Being mandated or floated.
This section is in here because I literally
had no idea that these things could happen
until they happened to me. And I was like,
And I cried. Which that's not going to
As we continue through this, I tend to cry a
So in some jobs, not all, you can be
And what that basically means is they don't
have enough staff for the next shift, and
they can literally make you stay over,
usually for like 4 hours.
Technically, they say that you can't be
mandated in, or they say that you have to be
mandated in if they call you in.
But just don't answer your phone, friends.
Just pro tip there.
And when you get mandated, it can be at the
end of a 12.
So, think you just spent 12 and a half hour
shift that is now going to become a 16 and a
half hour shift.
It's not fun. And hopefully this doesn't
happen often on a well managed and staffed
unit. And most places have caps for how many
times you can be mandated during a certain
like pay period.
But just be aware that if you work inpatient
this is a
thing, and it's not fun.
Ask about it honestly in your interviews and
if they get mad about it in the interview, it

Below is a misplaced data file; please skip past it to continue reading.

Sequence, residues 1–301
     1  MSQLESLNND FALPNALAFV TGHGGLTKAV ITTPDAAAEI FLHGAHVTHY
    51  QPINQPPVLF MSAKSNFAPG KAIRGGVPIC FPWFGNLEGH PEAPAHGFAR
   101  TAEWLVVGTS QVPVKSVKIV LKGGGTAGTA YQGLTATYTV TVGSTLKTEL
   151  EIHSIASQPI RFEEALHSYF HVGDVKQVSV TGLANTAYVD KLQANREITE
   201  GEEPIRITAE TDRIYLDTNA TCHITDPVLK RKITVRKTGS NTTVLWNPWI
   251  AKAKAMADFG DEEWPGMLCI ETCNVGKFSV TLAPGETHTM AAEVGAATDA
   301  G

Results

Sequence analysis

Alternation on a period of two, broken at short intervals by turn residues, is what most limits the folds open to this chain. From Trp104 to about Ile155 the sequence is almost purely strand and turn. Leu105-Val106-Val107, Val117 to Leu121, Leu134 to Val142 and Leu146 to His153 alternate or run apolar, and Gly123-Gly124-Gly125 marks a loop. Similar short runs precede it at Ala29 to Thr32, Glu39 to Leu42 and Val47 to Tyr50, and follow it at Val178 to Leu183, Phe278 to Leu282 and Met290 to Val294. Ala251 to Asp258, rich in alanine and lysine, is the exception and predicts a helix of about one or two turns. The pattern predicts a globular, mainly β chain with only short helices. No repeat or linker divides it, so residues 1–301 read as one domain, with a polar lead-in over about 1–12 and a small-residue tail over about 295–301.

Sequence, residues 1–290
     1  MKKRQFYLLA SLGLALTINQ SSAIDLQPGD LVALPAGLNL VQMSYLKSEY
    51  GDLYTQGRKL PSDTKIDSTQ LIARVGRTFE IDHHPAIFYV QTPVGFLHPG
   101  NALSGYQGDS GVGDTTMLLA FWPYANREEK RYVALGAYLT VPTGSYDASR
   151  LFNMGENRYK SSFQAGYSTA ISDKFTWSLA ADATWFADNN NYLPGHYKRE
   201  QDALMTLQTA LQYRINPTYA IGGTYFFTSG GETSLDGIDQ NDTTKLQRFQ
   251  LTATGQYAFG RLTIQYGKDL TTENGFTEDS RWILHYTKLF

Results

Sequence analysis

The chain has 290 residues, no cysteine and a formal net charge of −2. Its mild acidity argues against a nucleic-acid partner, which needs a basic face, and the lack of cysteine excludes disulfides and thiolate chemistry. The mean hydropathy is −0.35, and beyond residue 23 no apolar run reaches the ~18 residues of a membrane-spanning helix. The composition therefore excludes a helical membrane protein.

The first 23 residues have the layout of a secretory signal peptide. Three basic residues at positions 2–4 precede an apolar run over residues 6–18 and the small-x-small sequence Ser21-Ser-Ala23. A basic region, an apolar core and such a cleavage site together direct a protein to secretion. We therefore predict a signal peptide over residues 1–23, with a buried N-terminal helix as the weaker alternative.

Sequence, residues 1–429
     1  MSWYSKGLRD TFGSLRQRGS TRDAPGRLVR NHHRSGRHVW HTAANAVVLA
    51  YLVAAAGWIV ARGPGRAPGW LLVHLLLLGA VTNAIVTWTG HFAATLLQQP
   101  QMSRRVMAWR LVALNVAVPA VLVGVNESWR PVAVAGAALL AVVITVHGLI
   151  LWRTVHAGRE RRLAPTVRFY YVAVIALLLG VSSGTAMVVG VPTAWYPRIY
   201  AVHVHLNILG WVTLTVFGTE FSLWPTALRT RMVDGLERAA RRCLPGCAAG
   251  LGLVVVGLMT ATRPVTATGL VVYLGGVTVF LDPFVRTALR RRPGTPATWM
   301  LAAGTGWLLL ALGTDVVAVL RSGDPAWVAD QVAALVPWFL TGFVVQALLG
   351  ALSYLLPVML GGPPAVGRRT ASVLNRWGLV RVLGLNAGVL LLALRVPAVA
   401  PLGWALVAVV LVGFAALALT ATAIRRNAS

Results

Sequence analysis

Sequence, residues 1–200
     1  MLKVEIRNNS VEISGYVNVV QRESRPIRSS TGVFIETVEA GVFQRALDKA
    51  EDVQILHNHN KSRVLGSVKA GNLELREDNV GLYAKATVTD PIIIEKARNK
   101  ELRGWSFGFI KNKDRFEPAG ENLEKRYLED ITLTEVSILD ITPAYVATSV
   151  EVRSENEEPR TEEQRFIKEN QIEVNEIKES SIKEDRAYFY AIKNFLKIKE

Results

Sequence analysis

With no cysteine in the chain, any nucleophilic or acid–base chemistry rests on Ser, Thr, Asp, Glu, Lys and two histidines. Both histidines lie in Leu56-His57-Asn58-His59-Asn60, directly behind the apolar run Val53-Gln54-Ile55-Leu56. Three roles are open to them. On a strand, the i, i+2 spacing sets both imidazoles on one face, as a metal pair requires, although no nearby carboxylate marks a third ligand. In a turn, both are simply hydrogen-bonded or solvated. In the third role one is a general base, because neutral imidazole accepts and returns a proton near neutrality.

probably means that it is a problem on their
unit, making it a touchy spot and I would
maybe just avoid that job.
Now being floated is when your unit is on has
a low level of patients, has
a low census as they'll call it, and other
units, they don't have that problem.
They need your help. So you will go into
work, and it will be like, Hey, we don't need
you here. Go to this other unit instead.
And it's just, it's disorienting, but it's
honestly, it's not the end of the world, but
it just kind of it's shocking if you're a
creature of habit like me, and you are not
used to the routine, and you didn't even
know that this could happen to you.
Enough of that section.
Let's move on to our next module where we
discuss one of the questions I get asked the
most, which is, is this a good career for my
Will this be a good fit?
What are your thoughts?